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The main reason of conclusion above is that noload disturbance and onload disturbance operation condition are extreme operating conditions in operating process of hydraulic turbine unit. Therefore, optimal control of HTGS is essentially a multiobjective optimization problem. Different operating conditions are considered in this paper for optimal control. Referring to [38], the objective functions of HTGS based on ITAE under two conditions are described as follows:where f_{1}(·) and f_{2}(·) are functions of K_{p}, K_{i}, K_{d}, λ, and μ under onload and noload disturbance running conditions; the lower and upper bounds of K_{p}, K_{i}, K_{d}, λ, and μ are K_{pmin} = 0, K_{pmax} = 10, K_{imin} = 0, K_{imax} = 10, K_{dmin} = 0, K_{dmax} = 10, λ_{min} = 0, λ_{max} = 2, μ_{min} = 0, and μ_{max} = 2.
4. Reinforced Multiobjective Harris Hawks Optimization with Hybrid Strategies
4.1. Harris Hawks Optimization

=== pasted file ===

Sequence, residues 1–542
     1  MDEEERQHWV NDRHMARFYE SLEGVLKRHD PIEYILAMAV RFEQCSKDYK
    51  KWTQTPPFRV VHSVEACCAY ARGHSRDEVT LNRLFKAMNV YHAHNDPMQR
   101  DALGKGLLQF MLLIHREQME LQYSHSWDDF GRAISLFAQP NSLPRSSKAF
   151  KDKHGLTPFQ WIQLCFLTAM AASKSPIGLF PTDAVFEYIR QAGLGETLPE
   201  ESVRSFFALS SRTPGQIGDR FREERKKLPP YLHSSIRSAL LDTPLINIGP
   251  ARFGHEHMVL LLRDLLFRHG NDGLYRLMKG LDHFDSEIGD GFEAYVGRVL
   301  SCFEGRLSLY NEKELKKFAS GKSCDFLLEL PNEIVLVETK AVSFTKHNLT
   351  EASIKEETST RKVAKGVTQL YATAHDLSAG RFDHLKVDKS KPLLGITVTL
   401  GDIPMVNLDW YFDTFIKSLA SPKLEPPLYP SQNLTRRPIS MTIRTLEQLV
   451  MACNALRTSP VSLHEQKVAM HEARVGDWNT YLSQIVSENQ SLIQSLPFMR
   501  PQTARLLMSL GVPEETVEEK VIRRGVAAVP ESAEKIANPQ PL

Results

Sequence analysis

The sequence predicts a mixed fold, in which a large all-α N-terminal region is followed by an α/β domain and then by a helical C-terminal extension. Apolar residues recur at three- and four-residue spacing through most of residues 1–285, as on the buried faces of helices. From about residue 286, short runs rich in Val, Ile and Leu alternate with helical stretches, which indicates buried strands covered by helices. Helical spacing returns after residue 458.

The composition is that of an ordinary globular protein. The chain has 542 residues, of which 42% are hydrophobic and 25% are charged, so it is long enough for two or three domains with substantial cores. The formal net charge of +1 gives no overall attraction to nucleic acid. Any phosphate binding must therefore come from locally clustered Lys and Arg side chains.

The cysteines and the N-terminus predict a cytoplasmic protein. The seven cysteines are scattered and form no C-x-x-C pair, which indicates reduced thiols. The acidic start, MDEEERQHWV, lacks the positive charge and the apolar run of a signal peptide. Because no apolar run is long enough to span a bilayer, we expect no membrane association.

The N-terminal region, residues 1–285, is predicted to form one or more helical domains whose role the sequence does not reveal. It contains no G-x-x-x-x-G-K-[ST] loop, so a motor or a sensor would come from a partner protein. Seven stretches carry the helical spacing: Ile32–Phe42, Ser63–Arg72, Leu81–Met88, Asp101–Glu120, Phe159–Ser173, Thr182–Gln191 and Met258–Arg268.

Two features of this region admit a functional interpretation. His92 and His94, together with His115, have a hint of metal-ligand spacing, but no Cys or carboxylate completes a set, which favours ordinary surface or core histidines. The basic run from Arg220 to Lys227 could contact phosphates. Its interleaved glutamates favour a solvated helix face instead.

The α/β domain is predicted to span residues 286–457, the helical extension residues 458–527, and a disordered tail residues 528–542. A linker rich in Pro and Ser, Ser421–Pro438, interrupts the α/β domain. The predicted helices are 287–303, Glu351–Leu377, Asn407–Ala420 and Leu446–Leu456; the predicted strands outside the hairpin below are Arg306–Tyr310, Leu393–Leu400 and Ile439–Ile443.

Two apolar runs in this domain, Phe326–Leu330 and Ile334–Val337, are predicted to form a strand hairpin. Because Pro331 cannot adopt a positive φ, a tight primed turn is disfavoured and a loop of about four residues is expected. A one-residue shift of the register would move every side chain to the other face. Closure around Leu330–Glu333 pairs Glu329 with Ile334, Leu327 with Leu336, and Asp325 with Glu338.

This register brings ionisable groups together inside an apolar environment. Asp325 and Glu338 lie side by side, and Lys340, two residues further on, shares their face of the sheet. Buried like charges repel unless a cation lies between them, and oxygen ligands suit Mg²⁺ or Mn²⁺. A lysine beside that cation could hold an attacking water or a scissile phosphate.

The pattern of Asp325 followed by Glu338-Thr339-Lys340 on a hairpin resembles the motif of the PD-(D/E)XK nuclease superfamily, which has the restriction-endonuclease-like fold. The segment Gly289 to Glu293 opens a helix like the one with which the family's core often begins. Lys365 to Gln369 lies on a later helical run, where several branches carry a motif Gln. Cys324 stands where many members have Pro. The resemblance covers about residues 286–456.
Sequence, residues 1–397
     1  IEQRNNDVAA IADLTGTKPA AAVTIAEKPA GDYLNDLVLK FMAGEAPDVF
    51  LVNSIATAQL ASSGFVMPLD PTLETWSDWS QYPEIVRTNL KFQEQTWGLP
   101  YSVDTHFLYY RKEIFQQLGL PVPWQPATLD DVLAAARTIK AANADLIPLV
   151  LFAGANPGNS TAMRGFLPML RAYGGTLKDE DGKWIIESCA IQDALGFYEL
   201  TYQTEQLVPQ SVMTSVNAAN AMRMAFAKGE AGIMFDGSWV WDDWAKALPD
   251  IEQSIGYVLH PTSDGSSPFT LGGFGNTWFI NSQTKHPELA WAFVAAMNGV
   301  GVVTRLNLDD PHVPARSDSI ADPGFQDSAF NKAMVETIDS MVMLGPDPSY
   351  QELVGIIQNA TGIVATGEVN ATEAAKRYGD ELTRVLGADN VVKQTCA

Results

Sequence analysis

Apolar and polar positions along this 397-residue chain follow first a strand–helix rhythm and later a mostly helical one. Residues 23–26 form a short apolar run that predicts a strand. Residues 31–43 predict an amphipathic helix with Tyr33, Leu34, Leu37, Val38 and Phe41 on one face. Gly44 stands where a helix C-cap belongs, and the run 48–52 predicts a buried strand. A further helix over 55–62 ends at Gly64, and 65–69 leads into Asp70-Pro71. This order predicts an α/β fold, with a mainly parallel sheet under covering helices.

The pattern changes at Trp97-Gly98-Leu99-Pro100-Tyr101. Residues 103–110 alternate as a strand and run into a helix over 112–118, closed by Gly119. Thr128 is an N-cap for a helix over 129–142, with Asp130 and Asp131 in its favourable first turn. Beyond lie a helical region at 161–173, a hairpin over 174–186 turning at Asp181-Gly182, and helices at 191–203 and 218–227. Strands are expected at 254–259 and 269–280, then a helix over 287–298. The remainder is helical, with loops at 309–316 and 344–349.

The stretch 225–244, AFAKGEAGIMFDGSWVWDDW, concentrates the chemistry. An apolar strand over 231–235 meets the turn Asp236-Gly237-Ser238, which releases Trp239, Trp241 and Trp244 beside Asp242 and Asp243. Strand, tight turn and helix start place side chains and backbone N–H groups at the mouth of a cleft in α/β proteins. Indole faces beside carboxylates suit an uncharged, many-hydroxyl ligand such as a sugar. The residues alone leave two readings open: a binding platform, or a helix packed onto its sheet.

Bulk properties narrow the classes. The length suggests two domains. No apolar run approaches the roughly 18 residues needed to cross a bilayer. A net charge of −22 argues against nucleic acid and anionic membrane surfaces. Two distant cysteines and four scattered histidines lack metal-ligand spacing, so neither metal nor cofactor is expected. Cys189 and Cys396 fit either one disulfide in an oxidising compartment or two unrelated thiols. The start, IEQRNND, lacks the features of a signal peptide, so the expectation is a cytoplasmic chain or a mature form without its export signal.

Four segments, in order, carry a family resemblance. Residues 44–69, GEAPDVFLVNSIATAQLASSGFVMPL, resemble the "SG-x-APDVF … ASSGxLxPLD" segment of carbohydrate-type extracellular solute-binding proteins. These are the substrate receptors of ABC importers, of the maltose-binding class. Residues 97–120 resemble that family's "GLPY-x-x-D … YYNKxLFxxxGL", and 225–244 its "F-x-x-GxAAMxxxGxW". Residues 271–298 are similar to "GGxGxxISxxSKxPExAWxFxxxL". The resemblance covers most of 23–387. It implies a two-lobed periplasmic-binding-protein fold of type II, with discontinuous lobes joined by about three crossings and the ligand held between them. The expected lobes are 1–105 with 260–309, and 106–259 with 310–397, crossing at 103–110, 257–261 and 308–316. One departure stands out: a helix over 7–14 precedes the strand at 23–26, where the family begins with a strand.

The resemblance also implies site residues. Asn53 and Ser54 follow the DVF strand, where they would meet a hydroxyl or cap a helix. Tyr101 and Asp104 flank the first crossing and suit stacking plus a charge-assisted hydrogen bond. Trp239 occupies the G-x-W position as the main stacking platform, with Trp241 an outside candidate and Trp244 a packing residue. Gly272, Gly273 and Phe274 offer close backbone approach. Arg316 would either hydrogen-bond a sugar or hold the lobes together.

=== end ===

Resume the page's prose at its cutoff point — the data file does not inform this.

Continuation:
Mainly inspired by the chasing style and cooperative behavior of Harris hawks, Heidari and his team developed HHO algorithm which has two main stages: exploration stage and exploitation stage [43]. During exploration stage, Harris’s hawks inhabit in random places, waiting to detect prey based on two strategies. The mathematical model is as follows:where X(t + 1) represents the position of hawks in t + 1th iteration, X_{rand}(t) donates the position of hawks chosen randomly in the current population, r_{1}, r_{2}, r_{3}, r_{4}, and q are all random numbers in scope of (0, 1), X_{rabbit}(t) is the position vector of rabbit, X_{t} represents the current position of hawk, which is updated during each iteration, LB and UB denote the upper and lower limits of variable, and X_{m}(t) represents the average position of hawks in the current population, which can be calculated aswhere X_{i}(t) denotes the location of each hawk in tth iteration and N represents the amount of hawks.